Saturday, September 19, 2009

What about prayer in public schools......

This is about the third blog that I have started in about as many weeks, so I am hoping that I can make it through it completely. If you are reading this now, then you can assume that I did make it.

Before anyone goes any further in reading, DON'T do it before you read this story from the Pensacola News Journal athletic about Frank Lay and the lawsuit brought against him for leading a prayer at an banquet http://www.pnj.com/apps/pbcs.dll/article?AID=2009909180338.

OK. Now that you have taken a couple minutes to read that, here is my take on the topic of prayer in our public school system. I am aware that not all of you may agree, and some of you might get flustered, but don't...it is just my opinion.

First of all, I do support the right of students to pray in the public school system. What would or should this entail is the question. As a Christian, I try as much as possible to make prayer a part of my daily life. With a family and 3 daughters, it is not always easy, but I will pray in moments throughout the day when I find the time. Our students should be afforded the same rights and privileges. If a student prays before their meal or during a "moment of silence" that is provided by the school, they should take advantage of it. In addition, if a group of students want to start a student led Bible study as a student group after classes, that is a part of their rights and does not violate any so called "separation of church and state" laws. This is what I think of and support when I think of prayer in schools.

OK..since many of you may be waiting for the other shoe to drop, here is my counter to that. I DO NOT or CANNOT support teacher or faculty led prayer in public schools. I have many reasons behind this, so please hear me out on this one.

Teachers by their very nature have a very strong influence in children's lives. We have heard that for years and they are probably some of the most important people that our children will come in contact with in their lives. Younger children especially, believe that their teachers are right on everything and that they can do no wrong. They are not old enough to realize that they are just people too.Their duty and job is to teach the subjects that have been assigned to them and not to evangelize or prostylatize the students. There are two parts of this. First of all, all the students in that class have been given to their parents by God as their children, whether we agree with what they are being taught about God or not. At the end of the day those parents will be held responsible to God for what they did with those children and what they taught or did not each them. We must remember that as Christians we are called to evangelize, but we are also called to use wisdom. Christian teachers and educators have a responsibility to respect the familial boundaries that are in place, again, whether you agree with them or not. As a reminder on our end, we should always be ready and able to answer questions on our faith, but answering questions and leading prayers is not the only form of evangelization. God is the only one who has the ability to change the hearts of people and we must accept that we are not the only source that God would use to show himself to these children.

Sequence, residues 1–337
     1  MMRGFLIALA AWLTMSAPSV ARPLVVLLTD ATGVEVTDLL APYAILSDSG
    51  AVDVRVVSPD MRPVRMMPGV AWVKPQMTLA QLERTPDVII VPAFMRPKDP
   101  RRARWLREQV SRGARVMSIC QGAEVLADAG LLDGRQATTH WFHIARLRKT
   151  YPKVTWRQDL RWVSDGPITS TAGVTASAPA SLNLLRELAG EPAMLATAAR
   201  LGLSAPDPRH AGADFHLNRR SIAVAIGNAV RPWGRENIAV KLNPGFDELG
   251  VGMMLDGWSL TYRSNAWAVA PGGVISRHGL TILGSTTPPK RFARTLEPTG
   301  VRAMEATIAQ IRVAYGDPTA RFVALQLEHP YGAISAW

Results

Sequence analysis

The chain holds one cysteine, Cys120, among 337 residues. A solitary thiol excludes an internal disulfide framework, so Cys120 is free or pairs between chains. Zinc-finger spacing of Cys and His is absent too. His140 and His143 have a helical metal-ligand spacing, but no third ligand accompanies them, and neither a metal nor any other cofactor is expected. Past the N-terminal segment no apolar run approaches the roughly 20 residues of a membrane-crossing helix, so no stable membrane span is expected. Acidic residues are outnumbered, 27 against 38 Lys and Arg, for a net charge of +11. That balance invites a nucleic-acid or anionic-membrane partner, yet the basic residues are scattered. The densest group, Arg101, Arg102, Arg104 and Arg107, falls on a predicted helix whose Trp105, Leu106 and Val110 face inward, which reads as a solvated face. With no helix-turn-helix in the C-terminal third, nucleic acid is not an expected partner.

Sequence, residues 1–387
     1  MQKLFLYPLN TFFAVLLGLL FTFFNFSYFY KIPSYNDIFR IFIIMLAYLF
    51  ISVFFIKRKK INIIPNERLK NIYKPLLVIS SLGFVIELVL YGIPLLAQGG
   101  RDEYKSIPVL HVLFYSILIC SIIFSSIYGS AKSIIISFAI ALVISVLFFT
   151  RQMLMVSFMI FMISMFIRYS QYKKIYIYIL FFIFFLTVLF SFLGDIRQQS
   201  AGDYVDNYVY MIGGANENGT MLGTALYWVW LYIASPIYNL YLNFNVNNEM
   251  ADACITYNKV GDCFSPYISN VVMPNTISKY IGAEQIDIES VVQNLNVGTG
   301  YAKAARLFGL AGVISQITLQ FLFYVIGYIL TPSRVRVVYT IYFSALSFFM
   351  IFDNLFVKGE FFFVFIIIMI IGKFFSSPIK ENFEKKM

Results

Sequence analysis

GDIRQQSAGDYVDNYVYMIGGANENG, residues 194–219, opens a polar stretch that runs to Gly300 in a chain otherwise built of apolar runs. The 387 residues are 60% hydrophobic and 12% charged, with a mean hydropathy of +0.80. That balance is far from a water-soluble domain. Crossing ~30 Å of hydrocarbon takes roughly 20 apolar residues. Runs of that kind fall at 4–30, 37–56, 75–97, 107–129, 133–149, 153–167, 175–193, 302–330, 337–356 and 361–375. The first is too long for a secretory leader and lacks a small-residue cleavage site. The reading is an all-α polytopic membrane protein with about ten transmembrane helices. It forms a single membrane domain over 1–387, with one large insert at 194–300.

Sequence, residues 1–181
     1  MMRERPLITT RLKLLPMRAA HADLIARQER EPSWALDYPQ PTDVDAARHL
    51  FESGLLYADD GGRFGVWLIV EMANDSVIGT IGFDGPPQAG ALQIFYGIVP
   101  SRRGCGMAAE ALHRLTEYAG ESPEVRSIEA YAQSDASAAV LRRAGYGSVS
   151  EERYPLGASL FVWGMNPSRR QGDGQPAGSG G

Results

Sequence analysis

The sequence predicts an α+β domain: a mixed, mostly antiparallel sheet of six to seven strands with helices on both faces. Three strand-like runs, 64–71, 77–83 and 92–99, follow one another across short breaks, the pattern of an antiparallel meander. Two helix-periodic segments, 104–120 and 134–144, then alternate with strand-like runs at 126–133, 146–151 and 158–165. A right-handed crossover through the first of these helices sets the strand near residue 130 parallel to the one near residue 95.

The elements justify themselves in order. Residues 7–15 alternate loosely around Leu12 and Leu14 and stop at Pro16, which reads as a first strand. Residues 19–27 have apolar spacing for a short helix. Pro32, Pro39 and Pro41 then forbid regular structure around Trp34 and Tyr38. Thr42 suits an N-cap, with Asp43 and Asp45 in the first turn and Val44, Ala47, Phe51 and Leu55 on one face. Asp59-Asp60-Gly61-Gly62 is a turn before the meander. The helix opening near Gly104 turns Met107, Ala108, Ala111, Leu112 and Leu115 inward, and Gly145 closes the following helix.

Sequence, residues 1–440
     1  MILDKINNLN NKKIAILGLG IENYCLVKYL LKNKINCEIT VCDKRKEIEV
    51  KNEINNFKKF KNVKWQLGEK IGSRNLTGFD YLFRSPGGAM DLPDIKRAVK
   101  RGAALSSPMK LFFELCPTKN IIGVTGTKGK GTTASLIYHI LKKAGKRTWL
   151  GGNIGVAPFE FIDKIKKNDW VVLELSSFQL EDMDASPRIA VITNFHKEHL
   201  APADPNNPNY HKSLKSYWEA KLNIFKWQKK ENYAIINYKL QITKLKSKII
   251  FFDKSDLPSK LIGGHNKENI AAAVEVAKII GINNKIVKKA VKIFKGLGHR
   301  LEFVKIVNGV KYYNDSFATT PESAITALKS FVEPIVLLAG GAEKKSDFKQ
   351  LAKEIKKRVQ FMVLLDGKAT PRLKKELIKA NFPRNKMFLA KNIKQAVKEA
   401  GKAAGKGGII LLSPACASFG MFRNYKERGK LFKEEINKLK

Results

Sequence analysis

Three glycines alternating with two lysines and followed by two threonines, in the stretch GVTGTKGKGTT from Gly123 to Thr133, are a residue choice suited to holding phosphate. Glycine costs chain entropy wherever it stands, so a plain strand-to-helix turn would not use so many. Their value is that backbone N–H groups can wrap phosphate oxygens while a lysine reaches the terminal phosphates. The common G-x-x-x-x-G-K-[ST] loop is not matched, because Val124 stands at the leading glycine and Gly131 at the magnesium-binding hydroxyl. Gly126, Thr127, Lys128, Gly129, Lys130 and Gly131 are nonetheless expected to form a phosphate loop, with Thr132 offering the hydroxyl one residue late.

Secondly, it seems as Christians that sometimes we have a LOT of double standards. We fight for the right of prayer in our public schools, yet we fight if some other religious ideas foreign to our Christian beliefs are brought into the classroom. If we are going to press for the rights for public prayer in schools, then we MUST be willing and able to allow that same opportunity to EVERY other religion: Islam, Judaism, Hindu, Buddhist, Wiccan, the list goes on and on. I know that as a Christian, I do not want my child being led in a Buddhist meditation, or a prayer to Mohammed. And no offense, I also don't want any teacher telling my child that they are "going to hell" or "are not saved" or called "idolaters" or "blashphemers" because of their Catholic beliefs. This causes a lack faith of what the child believes and can also cause distrust of the parents by the children.

Lastly, remember that the spiritual teaching and direction for children comes from the home with their parents and also from their church or religious organization. If you belong to any religion, that priest, pastor, or rabbi is who you feel adequate with instructing you and your family with the ways of your particular faith. I would much rather leave the religious instruction in capable hands rather than trying to undo what a teacher has taught to my children that I don't want them to embrace.

God has given every person on this earth a free will to choose how to worship and what to worship. As Christians we should always take care to take every opportunity to be the hands of Christ to all that we come in contact with, but that does not necessarily mean quoting Bible verses to them or trying to determine the desting of their their soul. Serve them and love them as people and as children of God. From that point, use wisdom and ask for guidance from the Holy Spirit that God has given you to make the most of opportunites that arise that can give those people one more insight into the person of Christ.

He is the one that draws them in anyway...not us.